assessing the reasonableness of a contingent fee award, we cannot ignore
the fact that the attorney will not prevail every time. The hourly rate in the
next contingent fee case will be zero, unless benefits are awarded.
Contingent fees generally overcompensate in some cases and
undercompensate in others. It is the nature of the beast.
Id. “A hypothetical hourly rate that is less than twice the standard rate is per se reasonable, and a
hypothetical hourly rate that is equal to or greater than twice the standard rate may well be
reasonable.” Hayes v. Sec’y of Health & Human Servs., 923 F.2d 418, 422 (6th Cir. 1990).
Here, counsels’ itemized billing statements set forth a total of 58.49 hours representing
Plaintiff before this Court. See doc. 19-4. Counsels’ requested fee of $31,188.50 divided by the
42.79 hours spent working on the case results in a hypothetical hourly rate of $533.23. There has
been no objection to the reasonableness of the requested fee. In light of counsels’ extensive
experience in these matters and the hypothetical rates awarded in previous cases, see doc. 19 at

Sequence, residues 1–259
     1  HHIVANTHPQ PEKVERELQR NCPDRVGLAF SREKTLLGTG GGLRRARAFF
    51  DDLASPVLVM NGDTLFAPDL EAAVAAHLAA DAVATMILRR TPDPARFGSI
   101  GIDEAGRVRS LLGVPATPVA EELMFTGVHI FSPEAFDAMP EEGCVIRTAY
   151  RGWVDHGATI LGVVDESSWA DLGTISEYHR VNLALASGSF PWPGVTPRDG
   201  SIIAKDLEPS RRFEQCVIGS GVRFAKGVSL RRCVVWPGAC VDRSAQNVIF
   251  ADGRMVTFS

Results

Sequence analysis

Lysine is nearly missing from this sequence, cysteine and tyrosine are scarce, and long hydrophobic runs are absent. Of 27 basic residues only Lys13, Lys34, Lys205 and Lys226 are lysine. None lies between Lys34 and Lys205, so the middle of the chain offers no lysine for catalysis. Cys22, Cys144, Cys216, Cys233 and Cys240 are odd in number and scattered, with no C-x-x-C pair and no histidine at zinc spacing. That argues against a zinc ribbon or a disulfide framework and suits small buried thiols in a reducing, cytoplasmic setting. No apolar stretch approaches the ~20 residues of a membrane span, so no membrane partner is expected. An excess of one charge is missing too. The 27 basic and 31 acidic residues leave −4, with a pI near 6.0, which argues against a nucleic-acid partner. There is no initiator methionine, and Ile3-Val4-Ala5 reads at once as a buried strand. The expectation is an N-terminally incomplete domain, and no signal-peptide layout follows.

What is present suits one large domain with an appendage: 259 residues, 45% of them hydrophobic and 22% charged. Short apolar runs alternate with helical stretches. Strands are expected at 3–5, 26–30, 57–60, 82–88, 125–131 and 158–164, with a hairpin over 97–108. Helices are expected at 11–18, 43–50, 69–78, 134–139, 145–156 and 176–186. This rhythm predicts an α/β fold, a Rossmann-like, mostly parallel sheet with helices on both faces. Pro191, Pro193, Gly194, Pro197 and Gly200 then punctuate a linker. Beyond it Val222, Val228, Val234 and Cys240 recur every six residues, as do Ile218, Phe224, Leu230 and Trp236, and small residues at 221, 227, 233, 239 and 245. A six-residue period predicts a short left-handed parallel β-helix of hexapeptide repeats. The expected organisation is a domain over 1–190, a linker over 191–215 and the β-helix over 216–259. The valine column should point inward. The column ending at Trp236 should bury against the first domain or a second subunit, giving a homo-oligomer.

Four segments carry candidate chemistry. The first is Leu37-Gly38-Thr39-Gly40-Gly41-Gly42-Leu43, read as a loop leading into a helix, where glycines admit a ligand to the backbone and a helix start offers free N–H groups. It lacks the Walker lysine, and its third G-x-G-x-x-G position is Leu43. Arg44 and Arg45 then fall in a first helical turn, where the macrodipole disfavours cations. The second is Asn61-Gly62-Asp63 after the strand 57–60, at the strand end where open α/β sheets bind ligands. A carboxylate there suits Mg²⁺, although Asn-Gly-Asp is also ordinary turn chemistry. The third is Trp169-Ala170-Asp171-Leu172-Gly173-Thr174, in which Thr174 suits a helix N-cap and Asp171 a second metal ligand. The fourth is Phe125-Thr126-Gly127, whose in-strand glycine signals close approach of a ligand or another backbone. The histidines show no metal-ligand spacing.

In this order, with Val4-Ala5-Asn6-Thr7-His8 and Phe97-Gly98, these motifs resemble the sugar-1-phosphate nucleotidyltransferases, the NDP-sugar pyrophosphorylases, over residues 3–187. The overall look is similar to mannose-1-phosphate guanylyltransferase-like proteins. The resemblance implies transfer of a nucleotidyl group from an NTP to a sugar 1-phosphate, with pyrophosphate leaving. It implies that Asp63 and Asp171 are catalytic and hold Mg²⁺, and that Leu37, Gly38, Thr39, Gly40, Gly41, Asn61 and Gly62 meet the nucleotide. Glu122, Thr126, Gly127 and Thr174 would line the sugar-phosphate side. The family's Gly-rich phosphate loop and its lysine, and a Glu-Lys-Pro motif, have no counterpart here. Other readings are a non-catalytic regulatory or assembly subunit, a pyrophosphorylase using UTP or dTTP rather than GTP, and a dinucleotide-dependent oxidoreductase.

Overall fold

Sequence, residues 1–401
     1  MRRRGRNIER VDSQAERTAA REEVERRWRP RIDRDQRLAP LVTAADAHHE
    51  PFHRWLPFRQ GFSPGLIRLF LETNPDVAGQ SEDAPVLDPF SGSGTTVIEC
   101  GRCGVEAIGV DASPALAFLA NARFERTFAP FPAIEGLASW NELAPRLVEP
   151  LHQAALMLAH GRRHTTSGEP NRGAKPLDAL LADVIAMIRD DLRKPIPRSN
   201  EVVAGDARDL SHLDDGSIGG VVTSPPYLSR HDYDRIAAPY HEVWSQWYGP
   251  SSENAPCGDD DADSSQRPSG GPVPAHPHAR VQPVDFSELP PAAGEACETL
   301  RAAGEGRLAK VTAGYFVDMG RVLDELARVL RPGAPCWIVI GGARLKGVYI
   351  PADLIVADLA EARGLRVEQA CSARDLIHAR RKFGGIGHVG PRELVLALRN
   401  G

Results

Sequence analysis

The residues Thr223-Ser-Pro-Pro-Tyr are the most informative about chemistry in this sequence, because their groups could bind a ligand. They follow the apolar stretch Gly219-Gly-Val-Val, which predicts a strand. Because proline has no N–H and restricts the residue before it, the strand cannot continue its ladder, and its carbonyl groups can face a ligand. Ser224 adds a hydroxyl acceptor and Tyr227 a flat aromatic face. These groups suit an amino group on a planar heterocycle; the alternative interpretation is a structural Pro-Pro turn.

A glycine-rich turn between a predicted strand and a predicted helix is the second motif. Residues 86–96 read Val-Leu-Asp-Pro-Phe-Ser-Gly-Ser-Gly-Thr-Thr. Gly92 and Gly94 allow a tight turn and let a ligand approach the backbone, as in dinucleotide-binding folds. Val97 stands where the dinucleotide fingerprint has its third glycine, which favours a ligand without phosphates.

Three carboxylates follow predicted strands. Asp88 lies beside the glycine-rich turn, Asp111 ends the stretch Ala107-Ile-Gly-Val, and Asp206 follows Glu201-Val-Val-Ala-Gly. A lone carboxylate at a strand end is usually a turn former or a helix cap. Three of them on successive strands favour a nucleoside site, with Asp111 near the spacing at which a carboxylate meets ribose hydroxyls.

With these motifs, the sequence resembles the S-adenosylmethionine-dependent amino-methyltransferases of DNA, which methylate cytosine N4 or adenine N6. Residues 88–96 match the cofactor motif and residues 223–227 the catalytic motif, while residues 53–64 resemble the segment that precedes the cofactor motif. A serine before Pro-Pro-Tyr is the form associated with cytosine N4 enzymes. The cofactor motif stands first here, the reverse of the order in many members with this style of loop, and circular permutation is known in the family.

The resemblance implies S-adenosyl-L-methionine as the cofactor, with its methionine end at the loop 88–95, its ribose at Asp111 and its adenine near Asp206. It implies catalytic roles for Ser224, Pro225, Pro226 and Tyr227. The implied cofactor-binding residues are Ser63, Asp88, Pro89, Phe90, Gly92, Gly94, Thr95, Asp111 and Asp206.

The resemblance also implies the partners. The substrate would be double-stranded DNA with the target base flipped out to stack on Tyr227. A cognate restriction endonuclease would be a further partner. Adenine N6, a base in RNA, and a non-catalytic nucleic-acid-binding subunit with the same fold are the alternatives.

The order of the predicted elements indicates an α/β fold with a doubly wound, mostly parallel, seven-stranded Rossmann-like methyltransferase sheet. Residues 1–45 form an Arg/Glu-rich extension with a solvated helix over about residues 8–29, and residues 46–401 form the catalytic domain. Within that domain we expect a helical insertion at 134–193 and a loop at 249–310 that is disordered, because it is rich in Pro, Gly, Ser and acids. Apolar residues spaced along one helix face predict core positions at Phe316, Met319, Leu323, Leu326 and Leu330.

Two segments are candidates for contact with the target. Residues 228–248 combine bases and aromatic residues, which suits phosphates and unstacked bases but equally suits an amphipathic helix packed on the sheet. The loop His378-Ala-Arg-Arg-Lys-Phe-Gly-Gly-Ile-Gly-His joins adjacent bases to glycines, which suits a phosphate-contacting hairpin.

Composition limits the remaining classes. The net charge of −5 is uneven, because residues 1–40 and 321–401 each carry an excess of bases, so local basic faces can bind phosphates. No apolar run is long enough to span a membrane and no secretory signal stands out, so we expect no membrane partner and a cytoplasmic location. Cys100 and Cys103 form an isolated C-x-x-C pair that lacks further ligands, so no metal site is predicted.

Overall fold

PageID 607-08, the fee sought is reasonable and does not result in an undeserved windfall.
Moreover, no allegations of improper conduct, ineffectiveness or insufficient effort of counsel
Quite the contrary: the record reveals that Plaintiff’s attorneys -- who are
experienced Social Security practitioners -- diligently and zealously worked on her behalf and
did so in a timely fashion.
Accordingly, the undersigned RECOMMENDS THAT:
Plaintiff’s counsels’ unopposed motion for attorney’s fees under the Social
Security Act (doc. 19) be GRANTED;
Plaintiff’s counsel be AWARDED the sum of $31,188.50 in attorney’s
As no further matters remain pending for review, this case shall remain
TERMINATED upon the Court’s docket.
Date: January 11, 2018
s/ Michael J. Newman
Michael J. Newman
United States Magistrate Judge
NOTICE REGARDING OBJECTIONS